Is Vladimir Putin as Powerful as the West Thinks?

In his new book, Weak Strongman, Timothy Frye argues that contrary to popular belief, Vladimir Putin is not omnipotent.

Caroline Harting
May 13, 2021

Vladimir Putin has long been the bogeyman in the minds of Americans. Western media outlets often portray him as an authoritarian ruler who has no qualms in making his critics and opponents disappear. But, are there constraints on his power? In his new book, Weak Strongman: The Limits of Power in Putin's Russia, Timothy Frye, the Marshall D. Shulman Professor of Post-Soviet Foreign Policy in the political science department, reveals a more nuanced view of Putin and political power struggles in Russia.

Columbia News caught up with Frye to find out what led him to write this book, how influential is Alexei Navalny (alive or dead), and what sports stars he’d invite to an imaginary dinner party.

Q: What inspired you to write this book now?

A: I’ve been studying Russia for more than 30 years and grew tired of seeing the rich politics of the country often reduced in our public debate to cliches about Putin’s KGB background or Russia’s autocratic past. With our democracy under threat and global autocracy on the rise, I saw an opportunity.  I wrote an explainer book about Russian politics that draws on recent social science research by a new generation of Russian and American scholars that has received little attention outside of academia to help us understand the moment.  For all its problems, Russia has been a great place to study autocracy.

"Weak Strongman: The Limits of Power in Putin's Russia" by Timothy Frye, professor in the political science department at Columbia

I also included many personal anecdotes of my misadventures in Russia from working on a cultural exchange in the Soviet Union in the late 1980s to co-running a research institute in Moscow for the last decade. These anecdotes—from being the inadvertent target of a honeytrap in 1988, to watching the Twin Towers fall from Moscow in 2001—provide insights that are hard to come by without spending a lot of time in the country.

Q: Many in the United States see Putin as an omnipotent leader, but your book argues that while he is an authoritarian ruler, his power is limited. How is this possible?

A: Putin faces no serious challengers, but he is not all-powerful. To consolidate his power, he has weakened the courts, the parliament, and the bureaucracy, but rulers also need these institutions to govern well. He rules over a well-educated populace using a corrupt and unruly bureaucracy in a country of 11 time zones and relies on a mixture of performance, popularity, propaganda, and repression to stay in power. Just ordering people around doesn’t get him very far.

Like all autocrats, he faces the dual threats of an elite coup and a mass revolt, and these two threats can rarely be addressed at the same time. As a result, he faces hard tradeoffs. Manipulate the media, but not so much that people distrust the source. Cheat too little on elections and lose office, but cheat too much and lose legitimacy. Repress political opponents, but do not spark a backlash. Use corruption to reward your cronies, but avoid economic stagnation that would make you unpopular. Strengthen the security services, but not so much that they turn on you. Far from being all powerful, Putin faces many constraints that confront all autocrats.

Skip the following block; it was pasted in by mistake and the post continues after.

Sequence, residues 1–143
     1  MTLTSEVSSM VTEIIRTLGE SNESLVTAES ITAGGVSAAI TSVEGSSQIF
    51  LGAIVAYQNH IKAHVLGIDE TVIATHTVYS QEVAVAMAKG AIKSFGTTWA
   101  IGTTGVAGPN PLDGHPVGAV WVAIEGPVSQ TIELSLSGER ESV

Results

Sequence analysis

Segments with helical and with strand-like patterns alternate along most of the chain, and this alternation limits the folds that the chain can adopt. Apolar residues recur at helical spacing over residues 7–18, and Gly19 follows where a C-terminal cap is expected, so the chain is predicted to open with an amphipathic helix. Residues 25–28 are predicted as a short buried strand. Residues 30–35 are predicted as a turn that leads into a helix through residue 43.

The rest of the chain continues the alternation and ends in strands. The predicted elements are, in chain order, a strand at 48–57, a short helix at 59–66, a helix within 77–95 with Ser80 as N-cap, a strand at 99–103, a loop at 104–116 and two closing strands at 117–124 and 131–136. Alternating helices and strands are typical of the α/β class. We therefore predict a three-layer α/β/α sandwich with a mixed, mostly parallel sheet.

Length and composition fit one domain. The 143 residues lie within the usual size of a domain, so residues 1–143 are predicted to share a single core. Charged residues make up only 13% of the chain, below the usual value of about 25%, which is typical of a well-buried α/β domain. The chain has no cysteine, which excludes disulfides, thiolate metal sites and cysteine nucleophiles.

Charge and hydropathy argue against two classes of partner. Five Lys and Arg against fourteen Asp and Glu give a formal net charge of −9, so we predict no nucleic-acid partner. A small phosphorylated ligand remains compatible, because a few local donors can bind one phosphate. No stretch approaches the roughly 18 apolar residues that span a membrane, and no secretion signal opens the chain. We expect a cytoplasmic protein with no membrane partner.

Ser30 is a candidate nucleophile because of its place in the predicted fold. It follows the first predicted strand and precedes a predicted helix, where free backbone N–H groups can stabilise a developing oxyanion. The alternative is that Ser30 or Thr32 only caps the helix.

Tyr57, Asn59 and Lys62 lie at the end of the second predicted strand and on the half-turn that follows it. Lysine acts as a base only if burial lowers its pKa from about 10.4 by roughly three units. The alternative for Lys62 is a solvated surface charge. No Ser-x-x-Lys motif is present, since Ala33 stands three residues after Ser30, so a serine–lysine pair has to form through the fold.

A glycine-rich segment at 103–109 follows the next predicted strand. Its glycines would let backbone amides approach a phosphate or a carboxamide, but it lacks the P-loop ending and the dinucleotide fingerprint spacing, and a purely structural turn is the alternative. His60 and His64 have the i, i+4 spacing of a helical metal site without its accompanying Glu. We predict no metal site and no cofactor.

Q: The Biden administration seems to be handling our relationship with Putin and Russia differently from the previous one. How is Putin reacting to this renewed tension with the United States?

A: Russia’s relations with the U.S. are at a low point. At home, Putin tries to use anti-Westernism to shift blame for Russia’s problems, and this has pleased some hard-liners among the elite, but the Russian public has been skeptical of this narrative. Putin and Biden are likely to meet in June, but at this point, merely preventing a deterioration of the relationship would be a success.        

Q: Do you think opposition leader Alexei Navalny (alive or dead) poses a threat to Putin’s rule?

Navalny has been a singularly successful opposition figure in Russia over the last decade and this has made him a target. Removing Navalny from the political scene, though, won’t solve the problems that produced Navalny in the first place. It won’t raise living standards, reduce corruption, or increase trust in government and will likely exacerbate the problems.

Q: Now that you’ve finished writing your book, hopefully you have some time to read for pleasure. What books are on your reading list and why? 

A: Novels and short stories have gotten me through the pandemic. I delved back into classics like Vasily Grossman’s Life and Fate, Sergei Dovlatov’s The Suitcase, and John Williams’ Stoner.  I have also been reading Chekhov short stories with my son who is 13. Chekhov is my favorite. I just finished Min Jin Lee’s Pachinko about Korean immigrant life in Japan in the 20th century. It has the historical sweep of a Tolstoy novel but takes place in a setting that was new to me. Now I’m reading Keith Gessen’s A Terrible Country

Q: You are hosting a small dinner party. Assuming everyone is fully vaccinated, which three scholars, celebrities, despots, or artists, dead or alive, would you invite and why?

A: I’m a huge sports fan, and I enjoy listening to athletes who can talk about the mysteries of their craft or about the intersection of sports and politics. I would invite George Popovich, the basketball coach of the San Antonio Spurs who is thoughtful on political issues, a wine connoisseur, and a former Soviet studies major by the way. Next would come Naomi Osaka who embodies a new kind of global sports icon and has a killer instinct on the courts. And finally. I’d invite my father who was a great athlete at Princeton in the 1950s and would love the conversation.

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